For the time being, the European Community has not commented on the Canadian, British and US positions.
Chinese exports of tomato products under codes 200290 to Canada, the UK, the USA, Australia and New-Zealand.
Quantities exported by China under codes 200290 between December 2019 and November 2020 fell by 8% over one year and by around 2% compared to the average result of the three previous years (2016/17, 2017/18 and 2018/19 ), more or less following the pattern of decline in processing activity recorded in China in recent years.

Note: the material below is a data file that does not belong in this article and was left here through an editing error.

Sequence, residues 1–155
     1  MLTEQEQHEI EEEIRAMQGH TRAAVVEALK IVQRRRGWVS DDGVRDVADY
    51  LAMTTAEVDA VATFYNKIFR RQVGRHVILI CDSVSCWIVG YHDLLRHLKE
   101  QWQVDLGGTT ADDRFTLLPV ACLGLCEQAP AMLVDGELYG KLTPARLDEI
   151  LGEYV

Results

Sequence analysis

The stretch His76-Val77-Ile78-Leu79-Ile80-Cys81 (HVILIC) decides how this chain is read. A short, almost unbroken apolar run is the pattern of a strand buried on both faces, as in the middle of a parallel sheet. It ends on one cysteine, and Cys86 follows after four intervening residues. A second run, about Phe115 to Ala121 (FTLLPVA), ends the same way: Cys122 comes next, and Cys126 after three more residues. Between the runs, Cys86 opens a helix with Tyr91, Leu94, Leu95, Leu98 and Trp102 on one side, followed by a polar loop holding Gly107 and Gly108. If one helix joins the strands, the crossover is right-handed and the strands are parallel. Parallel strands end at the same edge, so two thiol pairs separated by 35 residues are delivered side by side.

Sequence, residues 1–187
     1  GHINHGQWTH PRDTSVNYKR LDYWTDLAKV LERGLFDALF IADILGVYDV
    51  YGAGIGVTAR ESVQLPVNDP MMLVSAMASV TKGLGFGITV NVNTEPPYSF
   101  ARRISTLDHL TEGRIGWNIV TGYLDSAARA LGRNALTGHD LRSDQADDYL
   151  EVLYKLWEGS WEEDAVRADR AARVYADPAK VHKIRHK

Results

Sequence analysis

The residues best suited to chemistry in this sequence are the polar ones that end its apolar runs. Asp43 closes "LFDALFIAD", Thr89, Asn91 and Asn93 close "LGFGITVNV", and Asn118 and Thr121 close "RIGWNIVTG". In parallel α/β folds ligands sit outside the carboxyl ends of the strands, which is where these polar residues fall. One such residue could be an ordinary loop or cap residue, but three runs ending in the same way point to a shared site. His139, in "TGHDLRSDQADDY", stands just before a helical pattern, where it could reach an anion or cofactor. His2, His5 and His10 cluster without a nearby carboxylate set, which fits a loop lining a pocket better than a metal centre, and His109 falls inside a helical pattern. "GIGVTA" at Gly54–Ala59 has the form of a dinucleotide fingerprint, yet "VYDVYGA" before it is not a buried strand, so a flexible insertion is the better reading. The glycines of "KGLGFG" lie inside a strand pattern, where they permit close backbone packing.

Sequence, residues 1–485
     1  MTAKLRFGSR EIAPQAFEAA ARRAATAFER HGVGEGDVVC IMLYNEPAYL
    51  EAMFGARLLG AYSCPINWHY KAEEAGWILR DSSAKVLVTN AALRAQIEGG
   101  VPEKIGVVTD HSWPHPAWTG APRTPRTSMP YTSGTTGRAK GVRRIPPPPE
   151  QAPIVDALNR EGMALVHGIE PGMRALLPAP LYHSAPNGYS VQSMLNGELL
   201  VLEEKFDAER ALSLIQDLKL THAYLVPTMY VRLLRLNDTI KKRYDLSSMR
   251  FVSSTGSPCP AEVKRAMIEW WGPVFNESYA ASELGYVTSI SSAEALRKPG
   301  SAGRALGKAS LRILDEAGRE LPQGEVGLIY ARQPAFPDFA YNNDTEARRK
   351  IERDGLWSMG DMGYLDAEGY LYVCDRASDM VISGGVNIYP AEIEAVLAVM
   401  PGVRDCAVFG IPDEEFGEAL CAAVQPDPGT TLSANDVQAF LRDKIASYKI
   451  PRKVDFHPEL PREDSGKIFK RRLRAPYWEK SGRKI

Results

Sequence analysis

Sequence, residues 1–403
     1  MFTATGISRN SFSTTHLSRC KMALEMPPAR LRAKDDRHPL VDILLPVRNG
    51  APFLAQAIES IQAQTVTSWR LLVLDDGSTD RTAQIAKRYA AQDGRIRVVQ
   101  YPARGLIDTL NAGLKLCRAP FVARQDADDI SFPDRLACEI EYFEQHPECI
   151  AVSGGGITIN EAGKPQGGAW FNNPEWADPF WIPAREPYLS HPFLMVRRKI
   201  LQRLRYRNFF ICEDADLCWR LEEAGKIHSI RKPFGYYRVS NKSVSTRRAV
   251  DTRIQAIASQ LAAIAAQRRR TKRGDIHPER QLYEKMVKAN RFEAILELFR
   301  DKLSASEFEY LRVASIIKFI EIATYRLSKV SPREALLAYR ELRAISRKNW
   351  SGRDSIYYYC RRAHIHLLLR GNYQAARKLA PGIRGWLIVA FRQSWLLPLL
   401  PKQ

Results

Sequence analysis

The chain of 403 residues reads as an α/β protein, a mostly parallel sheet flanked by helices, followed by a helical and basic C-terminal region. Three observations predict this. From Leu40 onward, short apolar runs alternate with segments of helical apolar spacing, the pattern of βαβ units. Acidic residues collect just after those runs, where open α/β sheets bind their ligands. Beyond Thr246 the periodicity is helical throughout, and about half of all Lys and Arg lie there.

With more than 80% of the average trade flows of the last three years, five regions represent the strategic outlets of the Chinese concentrated purees sector. Still first among these is the group comprising the countries of West Africa led by Ghana, Togo, Nigeria, Benin, Côte d'Ivoire, etc. However, the quantities delivered to this region (283,000 mT) over the period considered (Dec-Nov) fell by more than 8% over the year and by almost 11% compared to the average performance of the three previous equivalent periods. West Africa drained an average of one-third of China's overseas sales in this sector over the past three years.